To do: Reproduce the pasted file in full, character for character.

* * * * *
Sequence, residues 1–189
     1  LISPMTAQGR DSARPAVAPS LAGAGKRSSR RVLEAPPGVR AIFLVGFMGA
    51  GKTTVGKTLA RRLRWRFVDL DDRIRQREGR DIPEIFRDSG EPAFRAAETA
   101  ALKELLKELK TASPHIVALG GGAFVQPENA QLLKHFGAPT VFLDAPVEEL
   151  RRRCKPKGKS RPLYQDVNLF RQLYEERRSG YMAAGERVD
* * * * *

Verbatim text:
Sequence, residues 1–189
     1  LISPMTAQGR DSARPAVAPS LAGAGKRSSR RVLEAPPGVR AIFLVGFMGA
    51  GKTTVGKTLA RRLRWRFVDL DDRIRQREGR DIPEIFRDSG EPAFRAAETA
   101  ALKELLKELK TASPHIVALG GGAFVQPENA QLLKHFGAPT VFLDAPVEEL
   151  RRRCKPKGKS RPLYQDVNLF RQLYEERRSG YMAAGERVD